Sunday, 10 January 2010

To terminate or not?

Well I'm guessing this could be the post that evokes the most responses so far, because wherever people sit on this question, they tend to feel very strongly and passionately about it and I've found that it can evoke very strong one-sided responses even from some of the most open-minded people - but here goes anyway.

Yesterday in the Guardian there was an article entitled To us, she was Emily about a couple who chose termination after tests showed their baby had Down's syndrome and how that  decision gradually tore their family apart.  It was a very honest piece from a viewpoint not often represented and for me it reinforced some of the concerns that I have over this issue.

In my work with Down's Heart Group I have spoken to many families facing this difficult decision and as a representative of the charity I am expected to be factual and non-judgemental and not to allow my own personal feelings to enter into the conversation.  I hope that after all these years I have perfected this, so I am not going to behave any differently here on my blog.   I'm not going to point out all the positive sides to having someone with Down's Syndrome in your life as reading through some of my previous posts should provide that information for anyone that needs it.  What I am going to do is discuss some of my concerns over the way some families are arriving at the decision to terminate.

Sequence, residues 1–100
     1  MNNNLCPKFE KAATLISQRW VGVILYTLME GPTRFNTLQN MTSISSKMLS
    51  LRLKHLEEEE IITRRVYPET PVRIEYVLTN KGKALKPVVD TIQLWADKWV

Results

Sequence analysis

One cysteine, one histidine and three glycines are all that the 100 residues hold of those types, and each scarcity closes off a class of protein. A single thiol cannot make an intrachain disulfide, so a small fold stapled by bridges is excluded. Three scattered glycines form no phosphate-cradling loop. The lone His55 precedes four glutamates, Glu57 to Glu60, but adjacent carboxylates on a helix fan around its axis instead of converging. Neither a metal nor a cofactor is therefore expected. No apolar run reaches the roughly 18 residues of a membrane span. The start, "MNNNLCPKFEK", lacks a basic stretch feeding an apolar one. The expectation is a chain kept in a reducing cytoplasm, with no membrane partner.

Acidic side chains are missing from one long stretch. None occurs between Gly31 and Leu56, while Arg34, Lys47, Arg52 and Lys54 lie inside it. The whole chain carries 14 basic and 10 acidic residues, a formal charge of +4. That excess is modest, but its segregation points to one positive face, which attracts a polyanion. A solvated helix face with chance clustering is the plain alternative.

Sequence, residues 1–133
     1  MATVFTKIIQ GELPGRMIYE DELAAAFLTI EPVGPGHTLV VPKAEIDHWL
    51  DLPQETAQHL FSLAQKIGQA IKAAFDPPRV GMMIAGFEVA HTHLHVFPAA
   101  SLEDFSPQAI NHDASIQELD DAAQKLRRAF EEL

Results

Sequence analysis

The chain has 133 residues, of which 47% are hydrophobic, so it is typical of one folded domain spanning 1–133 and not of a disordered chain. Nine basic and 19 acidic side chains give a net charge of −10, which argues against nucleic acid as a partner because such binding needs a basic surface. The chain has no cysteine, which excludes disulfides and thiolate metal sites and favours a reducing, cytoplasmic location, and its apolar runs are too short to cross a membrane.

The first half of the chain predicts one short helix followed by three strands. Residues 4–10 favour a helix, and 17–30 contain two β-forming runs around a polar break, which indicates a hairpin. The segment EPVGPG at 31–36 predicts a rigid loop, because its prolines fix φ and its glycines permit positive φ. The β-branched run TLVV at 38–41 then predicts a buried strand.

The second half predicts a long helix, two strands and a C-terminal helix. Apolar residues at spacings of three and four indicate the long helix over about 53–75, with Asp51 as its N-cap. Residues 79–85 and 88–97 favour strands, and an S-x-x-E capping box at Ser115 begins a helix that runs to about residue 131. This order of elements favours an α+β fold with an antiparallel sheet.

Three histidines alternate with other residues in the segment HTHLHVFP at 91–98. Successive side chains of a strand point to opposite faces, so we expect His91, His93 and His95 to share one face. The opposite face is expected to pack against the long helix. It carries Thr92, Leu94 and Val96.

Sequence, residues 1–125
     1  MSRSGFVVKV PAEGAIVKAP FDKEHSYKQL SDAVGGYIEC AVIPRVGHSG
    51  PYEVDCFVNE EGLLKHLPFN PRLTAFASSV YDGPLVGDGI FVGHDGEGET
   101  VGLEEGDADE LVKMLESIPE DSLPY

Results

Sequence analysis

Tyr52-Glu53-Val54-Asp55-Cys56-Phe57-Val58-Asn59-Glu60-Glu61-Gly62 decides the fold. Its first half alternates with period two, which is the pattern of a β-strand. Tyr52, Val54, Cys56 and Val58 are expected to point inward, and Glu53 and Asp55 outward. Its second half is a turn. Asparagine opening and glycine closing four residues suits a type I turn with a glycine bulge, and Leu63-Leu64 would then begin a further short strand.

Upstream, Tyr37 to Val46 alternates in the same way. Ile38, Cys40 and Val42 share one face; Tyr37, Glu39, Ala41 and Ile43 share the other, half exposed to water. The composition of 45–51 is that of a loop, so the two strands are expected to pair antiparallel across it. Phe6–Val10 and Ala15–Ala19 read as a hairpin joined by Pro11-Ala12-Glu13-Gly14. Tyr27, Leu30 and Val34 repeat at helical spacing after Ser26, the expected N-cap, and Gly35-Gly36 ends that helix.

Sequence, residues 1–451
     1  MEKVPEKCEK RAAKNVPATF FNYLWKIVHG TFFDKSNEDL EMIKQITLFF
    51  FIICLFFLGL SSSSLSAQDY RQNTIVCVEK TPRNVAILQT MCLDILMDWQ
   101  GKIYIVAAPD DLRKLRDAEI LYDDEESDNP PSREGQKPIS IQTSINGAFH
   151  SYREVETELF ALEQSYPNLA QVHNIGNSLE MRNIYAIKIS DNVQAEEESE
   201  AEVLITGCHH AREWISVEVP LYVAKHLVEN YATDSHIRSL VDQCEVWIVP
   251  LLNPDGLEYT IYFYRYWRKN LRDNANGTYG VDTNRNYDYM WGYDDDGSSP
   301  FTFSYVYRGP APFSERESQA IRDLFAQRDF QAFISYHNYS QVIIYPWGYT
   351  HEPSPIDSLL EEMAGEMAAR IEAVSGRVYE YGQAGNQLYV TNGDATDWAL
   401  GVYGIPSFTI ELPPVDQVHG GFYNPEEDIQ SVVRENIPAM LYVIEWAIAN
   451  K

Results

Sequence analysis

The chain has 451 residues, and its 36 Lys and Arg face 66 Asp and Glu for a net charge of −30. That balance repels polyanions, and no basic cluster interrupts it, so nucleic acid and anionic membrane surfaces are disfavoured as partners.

First and foremost I believe that this is a very personal decision and one that should be made based on individual circumstances.  People have different moral and religious beliefs, come from different cultural backgrounds, have differing family set-ups and varying degrees of support available to them, so naturally the decisions they make will vary, so I find it somewhat concerning that such a high percentage all choose the same option, which makes me wonder on what they are basing that decision?

This needs to be a FULLY INFORMED decision, taking into account all the factors I mentioned before and realistic unbiased information about Down's Syndrome.  This information needs to be made readily available and to be based on pure fact with no implied expectation of the route the family will choose to take and it should include help in meeting families who have a child with Down's Syndrome, support group contacts  and also offer alternative choices such as adoption.

Sadly, in my experience this is all too often not the case.  Termination is the expected outcome; the possible medical problems of the baby are given high precedence; adoption is never mentioned even when a family is obviously in turmoil over the decision; focus is given to the child's lack of future potential even though as with any baby there is no way of knowing what that will be; the option of "throw this one away and have another go" is readily offered.